Few things can best dive bar potato soup night and a cheeseburger.
Chillicothe suffers no shortage of neighborhood dive bars that have catered to locals for decades, but Cozy Inn Bar & Grill ranks among the city’s best entries. Original owner Bill Allen opened Cozy Inn Bar & Grill in 1977 after two decades of work in a local paper mill and a military history that included the Vietnam War. It should come as no surprise then that Cozy Inn Chillicothe has endured decades of economic twists and turns thanks to Allen’s dedication.
After retiring in 2016 after almost 40 years of Cozy Inn operation, Allen was supported by children Stephanie Miller and Matt Allen in finding a buyer for the Chillicothe dive bar after it was briefly shuttered when Allen stepped aside. Reopened in 2017, subtle additions have been made to the space and its event schedule (musical Bingo, for example), but little else has changed in a building that fits in seamlessly with the residential neighborhood that surrounds it. Allen sadly passed away in 2023 but his legacy lives on in a largely preserved Cozy Inn.
Food is very much a part of the Cozy Inn Chillicothe tradition, including a Friday potato soup special that has long run on Fridays during cold weather months. The soup’s reputation is surpassed only by the Cozy Inn cheeseburger, a neighborhood staple and the dive bar’s most talked about food item. The kitchen closes around 8 PM but lunch hours are bustling and even kid-friendly, another symptom of dedication to the local neighborhood.
Wrapped in pale blue siding, red trim provides the only real visual accent to the building outside of the Cozy Inn sign above the front door inscribed with the name of the bar in classic script lettering. Walking through the Cozy Inn front door feels a bit like walking through a portal to the late 1970s in keeping with the vibe created by Allen all those decades ago. Wood paneling wraps the Cozy Inn space supported by an updated wood-style floor and the traditional dive bar drop ceiling.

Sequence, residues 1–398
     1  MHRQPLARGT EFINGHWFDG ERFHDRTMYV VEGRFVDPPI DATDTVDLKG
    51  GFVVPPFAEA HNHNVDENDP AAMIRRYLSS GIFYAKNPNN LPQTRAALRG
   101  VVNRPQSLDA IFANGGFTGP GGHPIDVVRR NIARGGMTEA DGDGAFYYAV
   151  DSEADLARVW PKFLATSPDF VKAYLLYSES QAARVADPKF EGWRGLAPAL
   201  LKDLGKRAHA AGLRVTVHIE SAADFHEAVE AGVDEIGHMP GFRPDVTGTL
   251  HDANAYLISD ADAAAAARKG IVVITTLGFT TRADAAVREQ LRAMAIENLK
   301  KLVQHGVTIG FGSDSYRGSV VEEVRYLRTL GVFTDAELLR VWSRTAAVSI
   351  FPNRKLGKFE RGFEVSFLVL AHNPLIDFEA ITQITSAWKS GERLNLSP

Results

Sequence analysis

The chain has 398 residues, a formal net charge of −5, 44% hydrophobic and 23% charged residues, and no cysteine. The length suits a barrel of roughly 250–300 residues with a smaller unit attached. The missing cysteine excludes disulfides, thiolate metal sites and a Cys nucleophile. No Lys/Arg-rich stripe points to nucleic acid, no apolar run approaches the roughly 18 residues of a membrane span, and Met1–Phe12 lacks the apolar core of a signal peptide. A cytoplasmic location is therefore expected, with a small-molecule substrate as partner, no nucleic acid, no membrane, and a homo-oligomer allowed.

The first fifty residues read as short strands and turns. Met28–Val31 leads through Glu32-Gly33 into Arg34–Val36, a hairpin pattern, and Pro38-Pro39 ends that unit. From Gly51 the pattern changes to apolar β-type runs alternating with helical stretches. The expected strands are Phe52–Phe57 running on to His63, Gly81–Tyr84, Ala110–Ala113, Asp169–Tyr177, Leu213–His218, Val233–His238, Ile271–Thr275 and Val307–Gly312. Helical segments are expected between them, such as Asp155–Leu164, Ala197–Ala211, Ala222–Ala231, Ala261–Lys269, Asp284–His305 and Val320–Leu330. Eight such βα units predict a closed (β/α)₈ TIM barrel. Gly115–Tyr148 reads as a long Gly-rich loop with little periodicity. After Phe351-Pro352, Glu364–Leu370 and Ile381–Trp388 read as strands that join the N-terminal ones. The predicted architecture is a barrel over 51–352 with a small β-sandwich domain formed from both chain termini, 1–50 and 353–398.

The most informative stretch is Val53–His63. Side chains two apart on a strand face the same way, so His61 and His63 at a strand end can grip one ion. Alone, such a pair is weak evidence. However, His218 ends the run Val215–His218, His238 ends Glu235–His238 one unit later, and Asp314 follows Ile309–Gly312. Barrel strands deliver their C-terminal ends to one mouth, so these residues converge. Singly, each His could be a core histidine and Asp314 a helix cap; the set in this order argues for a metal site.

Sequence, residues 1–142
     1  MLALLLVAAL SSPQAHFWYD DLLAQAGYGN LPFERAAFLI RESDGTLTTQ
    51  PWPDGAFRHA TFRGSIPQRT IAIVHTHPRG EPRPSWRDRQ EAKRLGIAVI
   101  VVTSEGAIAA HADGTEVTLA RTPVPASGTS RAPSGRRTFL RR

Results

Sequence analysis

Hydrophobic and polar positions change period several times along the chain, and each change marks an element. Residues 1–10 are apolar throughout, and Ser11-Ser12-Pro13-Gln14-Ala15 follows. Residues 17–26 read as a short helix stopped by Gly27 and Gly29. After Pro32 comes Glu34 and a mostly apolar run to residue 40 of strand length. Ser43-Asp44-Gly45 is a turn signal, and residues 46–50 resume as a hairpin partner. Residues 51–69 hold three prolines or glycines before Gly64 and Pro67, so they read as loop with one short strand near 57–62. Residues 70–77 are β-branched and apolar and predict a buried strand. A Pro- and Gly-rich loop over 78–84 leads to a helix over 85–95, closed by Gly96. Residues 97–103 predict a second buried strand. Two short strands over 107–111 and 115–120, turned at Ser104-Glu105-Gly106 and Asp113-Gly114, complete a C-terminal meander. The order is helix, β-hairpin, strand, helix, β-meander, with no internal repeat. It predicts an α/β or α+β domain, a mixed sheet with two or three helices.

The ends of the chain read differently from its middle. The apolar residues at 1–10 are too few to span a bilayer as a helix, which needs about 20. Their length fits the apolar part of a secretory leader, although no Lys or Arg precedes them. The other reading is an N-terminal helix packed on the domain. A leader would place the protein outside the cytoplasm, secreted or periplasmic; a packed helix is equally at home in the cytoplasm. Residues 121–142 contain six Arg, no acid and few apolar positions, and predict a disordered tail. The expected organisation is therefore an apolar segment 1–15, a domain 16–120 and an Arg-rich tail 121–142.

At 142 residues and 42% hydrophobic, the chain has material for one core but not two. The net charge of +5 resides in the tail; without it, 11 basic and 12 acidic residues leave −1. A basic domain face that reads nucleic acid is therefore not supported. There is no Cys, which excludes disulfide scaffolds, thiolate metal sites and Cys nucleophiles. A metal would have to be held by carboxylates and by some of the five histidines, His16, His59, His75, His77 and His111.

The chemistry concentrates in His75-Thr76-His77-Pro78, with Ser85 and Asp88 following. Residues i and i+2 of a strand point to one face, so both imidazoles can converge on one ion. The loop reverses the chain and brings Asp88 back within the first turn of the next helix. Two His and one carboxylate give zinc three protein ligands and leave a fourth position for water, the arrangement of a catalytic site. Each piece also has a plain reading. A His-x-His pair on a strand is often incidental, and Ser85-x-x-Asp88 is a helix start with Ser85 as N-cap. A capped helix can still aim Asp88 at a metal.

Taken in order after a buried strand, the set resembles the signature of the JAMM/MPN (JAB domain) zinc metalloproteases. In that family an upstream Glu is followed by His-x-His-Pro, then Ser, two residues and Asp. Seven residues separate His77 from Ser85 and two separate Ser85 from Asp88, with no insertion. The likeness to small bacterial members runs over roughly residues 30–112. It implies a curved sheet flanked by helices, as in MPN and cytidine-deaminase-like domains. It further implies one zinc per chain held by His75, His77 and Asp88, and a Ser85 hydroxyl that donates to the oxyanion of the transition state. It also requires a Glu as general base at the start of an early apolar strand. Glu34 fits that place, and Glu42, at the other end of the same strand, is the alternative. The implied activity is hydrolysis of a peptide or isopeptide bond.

Because of the focus on food at Cozy Inn, the footprint leans a little more toward diner-dive bar hybrid than anything else. The bar itself runs along one of the interior walls, the counter covered in pennies under a clear epoxy. The area behind the bar comes from the dive bar handbook to be sure, mirrored panels behind shelved liquor bottles and underneath a handful of dollar bills stapled to the wall. The rest of the space is covered by restaurant-style seating made up of short round tables and a handful of booths along one of the rear walls.
It should come as no surprise that Cozy Inn features no draft beer and instead relies on a deep refrigerator full of domestic, import and craft beer varieties. Swinging doors give way to the kitchen in the rear of the Cozy Inn space that cranks out the diner-style food that has so long been a staple of the Cozy Inn appeal. Bar signage is limited here, restricted to a handful of beer special posters and the odd bit of neon. Not to be missed is the Cozy Inn-inscribed Budweiser bowtie neon sign in the rear of the Chillicothe dive bar.